“What Really Makes You Tick?” 10 questions you should ask to yourself: a preparation to self-improvement

Be all you can be, but it’s not always in the Army. I often see myself as somewhat contented with my life the way things are, but of course it’s hard to think of anything else when where are real issues to be discussed.

Still I aspire for something deeper and more meaningful.

So we’re all pelted with problems. Honestly it shouldn’t even bother or even hinder us to becoming all we ought to be. Aspirations as kids should continue to live within us, even though it would be short-lived or as long as we could hold on to the dream. They say you can’t teach an old dog new tricks… or can they?

1. What do I really want?
The question of the ages. So many things you want to do with your life and so little time to even go about during the day.

Find something that you are good at can help realize that small step towards improvement. Diligence is the key to know that it is worth it.

2. Should I really change?
Today’s generation has taken another level of redefining ‘self’, or at least that’s what the kids are saying. Having an army of teenage nieces and nephews has taught me that there are far worse things that they could have had than acne or maybe even promiscuity. So how does that fit into your lifestyle?

If history has taught us one thing, it’s the life that we have gone through. Try to see if partying Seventies style wouldn’t appeal to the younger generation, but dancing is part of partying. Watch them applaud after showing them how to really dance than break their bones in break-dancing.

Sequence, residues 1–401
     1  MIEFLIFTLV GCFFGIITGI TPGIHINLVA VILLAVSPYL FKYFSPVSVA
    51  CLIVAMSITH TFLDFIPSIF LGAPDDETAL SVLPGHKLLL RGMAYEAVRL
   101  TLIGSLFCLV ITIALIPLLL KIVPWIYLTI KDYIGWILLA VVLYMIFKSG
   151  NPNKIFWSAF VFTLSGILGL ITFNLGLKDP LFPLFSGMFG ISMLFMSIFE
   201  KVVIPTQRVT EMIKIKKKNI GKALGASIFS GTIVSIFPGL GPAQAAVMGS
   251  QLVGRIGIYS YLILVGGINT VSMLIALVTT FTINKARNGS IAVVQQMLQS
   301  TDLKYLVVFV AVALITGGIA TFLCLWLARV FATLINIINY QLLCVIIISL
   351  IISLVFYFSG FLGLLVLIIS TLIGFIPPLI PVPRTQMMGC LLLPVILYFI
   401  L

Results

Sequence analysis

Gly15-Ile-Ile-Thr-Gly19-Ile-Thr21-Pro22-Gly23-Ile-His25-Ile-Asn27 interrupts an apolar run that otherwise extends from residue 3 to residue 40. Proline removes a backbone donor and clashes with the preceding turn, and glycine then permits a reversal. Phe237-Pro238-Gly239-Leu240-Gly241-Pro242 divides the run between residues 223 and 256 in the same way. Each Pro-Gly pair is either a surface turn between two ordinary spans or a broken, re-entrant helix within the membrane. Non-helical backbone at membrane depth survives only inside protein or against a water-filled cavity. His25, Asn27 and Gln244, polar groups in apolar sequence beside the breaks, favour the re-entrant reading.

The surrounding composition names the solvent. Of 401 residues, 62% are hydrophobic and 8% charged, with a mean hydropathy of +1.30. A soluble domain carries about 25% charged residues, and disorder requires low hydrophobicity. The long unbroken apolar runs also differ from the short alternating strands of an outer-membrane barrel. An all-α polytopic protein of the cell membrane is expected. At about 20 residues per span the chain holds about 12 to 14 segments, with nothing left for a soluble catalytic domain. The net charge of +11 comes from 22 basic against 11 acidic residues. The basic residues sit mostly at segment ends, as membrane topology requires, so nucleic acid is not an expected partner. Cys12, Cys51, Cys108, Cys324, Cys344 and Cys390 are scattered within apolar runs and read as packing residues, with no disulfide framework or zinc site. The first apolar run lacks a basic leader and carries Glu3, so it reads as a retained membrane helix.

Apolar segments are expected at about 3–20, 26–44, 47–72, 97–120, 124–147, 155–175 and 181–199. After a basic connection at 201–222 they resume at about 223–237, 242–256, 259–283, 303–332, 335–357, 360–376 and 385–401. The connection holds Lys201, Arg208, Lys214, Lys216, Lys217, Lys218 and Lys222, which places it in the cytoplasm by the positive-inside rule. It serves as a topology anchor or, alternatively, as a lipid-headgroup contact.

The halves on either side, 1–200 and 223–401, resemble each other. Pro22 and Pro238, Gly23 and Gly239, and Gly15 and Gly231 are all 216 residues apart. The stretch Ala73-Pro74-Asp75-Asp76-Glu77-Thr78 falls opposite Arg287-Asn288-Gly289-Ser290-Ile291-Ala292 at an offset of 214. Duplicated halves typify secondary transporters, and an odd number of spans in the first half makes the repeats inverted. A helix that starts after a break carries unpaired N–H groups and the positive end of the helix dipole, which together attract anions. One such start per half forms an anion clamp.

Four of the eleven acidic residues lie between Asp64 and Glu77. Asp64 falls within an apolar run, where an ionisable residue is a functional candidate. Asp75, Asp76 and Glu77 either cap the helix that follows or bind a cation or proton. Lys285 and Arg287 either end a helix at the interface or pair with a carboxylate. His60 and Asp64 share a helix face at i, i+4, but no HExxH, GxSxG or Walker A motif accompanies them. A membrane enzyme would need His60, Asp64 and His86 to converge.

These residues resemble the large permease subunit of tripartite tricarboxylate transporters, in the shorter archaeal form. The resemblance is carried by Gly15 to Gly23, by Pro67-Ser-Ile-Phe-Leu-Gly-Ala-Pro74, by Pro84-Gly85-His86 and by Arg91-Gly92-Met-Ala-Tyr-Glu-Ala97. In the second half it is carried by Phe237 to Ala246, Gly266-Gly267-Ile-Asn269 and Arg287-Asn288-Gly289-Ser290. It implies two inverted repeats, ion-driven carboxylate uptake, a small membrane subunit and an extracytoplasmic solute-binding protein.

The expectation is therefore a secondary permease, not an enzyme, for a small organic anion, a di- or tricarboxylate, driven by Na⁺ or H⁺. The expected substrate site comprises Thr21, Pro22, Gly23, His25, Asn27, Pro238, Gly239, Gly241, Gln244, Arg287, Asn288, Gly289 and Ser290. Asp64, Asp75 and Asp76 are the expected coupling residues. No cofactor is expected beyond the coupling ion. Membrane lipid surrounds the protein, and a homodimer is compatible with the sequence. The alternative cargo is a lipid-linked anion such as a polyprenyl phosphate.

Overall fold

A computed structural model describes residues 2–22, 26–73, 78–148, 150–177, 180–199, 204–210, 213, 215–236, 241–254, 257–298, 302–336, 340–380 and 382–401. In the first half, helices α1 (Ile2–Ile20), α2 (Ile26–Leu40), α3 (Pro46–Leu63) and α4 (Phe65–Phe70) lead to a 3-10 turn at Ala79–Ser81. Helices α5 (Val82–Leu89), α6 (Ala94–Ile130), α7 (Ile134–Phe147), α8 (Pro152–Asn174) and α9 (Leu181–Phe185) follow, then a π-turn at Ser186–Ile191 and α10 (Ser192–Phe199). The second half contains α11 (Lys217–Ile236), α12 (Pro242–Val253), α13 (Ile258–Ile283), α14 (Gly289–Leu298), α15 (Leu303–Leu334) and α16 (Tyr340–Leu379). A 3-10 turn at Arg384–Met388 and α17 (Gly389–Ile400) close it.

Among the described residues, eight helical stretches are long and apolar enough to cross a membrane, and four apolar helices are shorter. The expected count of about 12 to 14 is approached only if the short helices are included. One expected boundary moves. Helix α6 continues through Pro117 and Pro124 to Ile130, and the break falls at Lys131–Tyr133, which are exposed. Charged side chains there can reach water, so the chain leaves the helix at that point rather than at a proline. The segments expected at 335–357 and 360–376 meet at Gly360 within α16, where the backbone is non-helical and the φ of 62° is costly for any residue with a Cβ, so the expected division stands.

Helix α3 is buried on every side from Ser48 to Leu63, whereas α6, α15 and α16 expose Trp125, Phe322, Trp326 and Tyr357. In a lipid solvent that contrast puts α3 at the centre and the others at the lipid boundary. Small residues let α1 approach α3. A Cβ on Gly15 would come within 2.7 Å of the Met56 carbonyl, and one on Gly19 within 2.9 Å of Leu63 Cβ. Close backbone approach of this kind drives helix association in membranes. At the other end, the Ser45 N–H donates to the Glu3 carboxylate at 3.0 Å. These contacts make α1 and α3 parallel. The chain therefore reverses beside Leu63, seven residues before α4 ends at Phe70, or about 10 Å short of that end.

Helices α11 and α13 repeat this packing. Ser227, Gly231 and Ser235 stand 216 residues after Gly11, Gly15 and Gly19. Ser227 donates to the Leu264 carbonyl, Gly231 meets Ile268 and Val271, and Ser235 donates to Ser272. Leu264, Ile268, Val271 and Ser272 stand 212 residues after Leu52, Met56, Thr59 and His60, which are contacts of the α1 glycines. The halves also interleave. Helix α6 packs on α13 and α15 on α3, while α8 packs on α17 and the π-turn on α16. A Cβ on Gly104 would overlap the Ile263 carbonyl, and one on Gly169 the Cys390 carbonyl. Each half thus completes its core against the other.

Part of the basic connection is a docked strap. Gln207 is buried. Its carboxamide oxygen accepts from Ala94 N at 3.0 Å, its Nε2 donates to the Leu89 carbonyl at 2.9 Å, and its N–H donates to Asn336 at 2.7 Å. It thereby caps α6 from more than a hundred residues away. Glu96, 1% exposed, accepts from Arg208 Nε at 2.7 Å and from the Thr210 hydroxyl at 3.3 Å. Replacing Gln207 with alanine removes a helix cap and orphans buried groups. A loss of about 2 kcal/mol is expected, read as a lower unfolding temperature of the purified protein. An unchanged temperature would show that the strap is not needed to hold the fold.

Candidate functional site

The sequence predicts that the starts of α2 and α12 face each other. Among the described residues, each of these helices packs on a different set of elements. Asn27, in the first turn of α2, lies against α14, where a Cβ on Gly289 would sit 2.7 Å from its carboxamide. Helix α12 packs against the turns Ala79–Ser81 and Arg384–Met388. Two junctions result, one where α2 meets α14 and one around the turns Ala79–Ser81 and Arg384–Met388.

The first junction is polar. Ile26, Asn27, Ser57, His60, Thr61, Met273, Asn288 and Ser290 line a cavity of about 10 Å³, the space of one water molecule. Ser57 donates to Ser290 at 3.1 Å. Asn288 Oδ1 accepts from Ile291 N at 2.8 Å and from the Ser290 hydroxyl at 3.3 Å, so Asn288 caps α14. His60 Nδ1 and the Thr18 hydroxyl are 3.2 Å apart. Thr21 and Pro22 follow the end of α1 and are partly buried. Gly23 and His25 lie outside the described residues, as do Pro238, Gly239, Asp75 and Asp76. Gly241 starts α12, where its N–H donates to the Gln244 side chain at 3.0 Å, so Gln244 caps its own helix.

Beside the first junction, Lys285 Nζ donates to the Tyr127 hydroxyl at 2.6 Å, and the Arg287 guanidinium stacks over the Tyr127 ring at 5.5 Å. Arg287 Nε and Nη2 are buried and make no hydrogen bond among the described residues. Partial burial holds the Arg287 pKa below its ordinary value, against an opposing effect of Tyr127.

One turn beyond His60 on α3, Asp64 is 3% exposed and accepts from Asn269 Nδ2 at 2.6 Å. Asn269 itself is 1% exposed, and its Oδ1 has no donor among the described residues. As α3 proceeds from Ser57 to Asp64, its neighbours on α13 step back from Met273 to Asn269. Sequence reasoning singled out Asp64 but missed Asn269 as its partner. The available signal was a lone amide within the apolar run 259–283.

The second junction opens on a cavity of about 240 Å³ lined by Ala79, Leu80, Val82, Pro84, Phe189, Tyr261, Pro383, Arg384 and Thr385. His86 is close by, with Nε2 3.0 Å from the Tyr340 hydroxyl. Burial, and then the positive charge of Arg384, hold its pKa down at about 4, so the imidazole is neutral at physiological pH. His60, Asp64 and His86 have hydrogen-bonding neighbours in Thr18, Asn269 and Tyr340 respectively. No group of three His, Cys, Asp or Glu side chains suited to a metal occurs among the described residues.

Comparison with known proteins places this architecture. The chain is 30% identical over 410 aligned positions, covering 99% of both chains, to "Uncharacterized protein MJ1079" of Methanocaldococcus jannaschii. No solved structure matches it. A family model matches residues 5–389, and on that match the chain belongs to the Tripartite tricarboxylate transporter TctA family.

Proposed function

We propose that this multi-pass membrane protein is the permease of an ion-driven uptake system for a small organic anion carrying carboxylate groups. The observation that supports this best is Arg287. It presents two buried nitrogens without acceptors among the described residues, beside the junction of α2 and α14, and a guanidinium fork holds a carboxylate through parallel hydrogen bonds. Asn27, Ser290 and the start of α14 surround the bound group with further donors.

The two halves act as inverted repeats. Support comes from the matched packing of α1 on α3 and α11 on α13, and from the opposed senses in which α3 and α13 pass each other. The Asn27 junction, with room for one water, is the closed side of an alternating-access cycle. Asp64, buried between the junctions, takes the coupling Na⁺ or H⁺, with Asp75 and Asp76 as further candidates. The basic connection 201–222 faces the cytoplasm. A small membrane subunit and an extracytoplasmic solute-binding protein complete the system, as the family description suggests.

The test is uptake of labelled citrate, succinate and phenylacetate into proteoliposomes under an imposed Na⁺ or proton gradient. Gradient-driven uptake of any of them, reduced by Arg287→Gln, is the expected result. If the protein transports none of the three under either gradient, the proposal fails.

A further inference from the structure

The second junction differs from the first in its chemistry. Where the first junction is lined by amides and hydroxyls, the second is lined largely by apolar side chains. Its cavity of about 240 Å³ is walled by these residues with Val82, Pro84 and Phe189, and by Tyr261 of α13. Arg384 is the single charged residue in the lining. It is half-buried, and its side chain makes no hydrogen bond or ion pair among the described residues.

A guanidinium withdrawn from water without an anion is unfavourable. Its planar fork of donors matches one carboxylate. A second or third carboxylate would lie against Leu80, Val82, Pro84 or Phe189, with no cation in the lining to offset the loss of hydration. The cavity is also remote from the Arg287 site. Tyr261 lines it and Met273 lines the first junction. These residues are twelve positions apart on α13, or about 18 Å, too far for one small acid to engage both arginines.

3. What’s the bright side in all of this?
With so much is happening around us there seem to be no room for even considering that light at the end of the tunnel. We can still see it as something positive without undergoing so much scrutiny. And if it’s a train at the end of the tunnel, take it for a ride and see what makes the world go round!

4. Am I comfortable with what I’m doing?
There’s always the easy way and the right way when it comes to deciding what goes with which shoes, or purse, shirt and whatnot. It doesn’t take a genius to see yourself as someone unique, or else we’ll all be equally the same in everything we do. Variety brings in very interesting and exciting questions to be experimented.

5. Have I done enough for myself?
Have you, or is there something more you want to do? Discontentment in every aspect can be dangerous in large doses, but in small amounts you’ll be able to see and do stuff you could never imagine doing.

6. Am I happy at where I am today?
It’s an unfair question so let it be an answer! You love being a good and loving mom or dad to your kids, then take it up a notch! Your kids will love you forever. The same goes with everyday life!

7. Am I appealing to the opposite sex?
So maybe I don’t have an answer to that, but that doesn’t mean I can’t try it, though. Whether you shape-up, change the way you wear your clothes or hair, or even your attitude towards people, you should always remember it will always be for your own benefit.

8. How much could I have?
I suppose in this case there is no such things on having things too much or too little, but it’s more on how badly you really need it. I’d like to have lots of money, no denying that, but the question is that how much are you willing to work for it?

9. What motivates me?
What motivates you? It’s an answer you have to find out for yourself. There are so many things that can make everyone happy, but to choose one of the may be the hardest part. It’s not like you can’t have one serving of your favorite food in a buffet and that’s it. Just try it piece by piece.

10. What Really Makes You Tick?
So? What really makes you tick? You can be just about anything you always wanted to be, but to realize that attaining something that may seem very difficult is already giving up before you even start that journey. Always remember, that self-improvement is not just about the physical or philosophical change you have to undergo, but it’s something that you really want.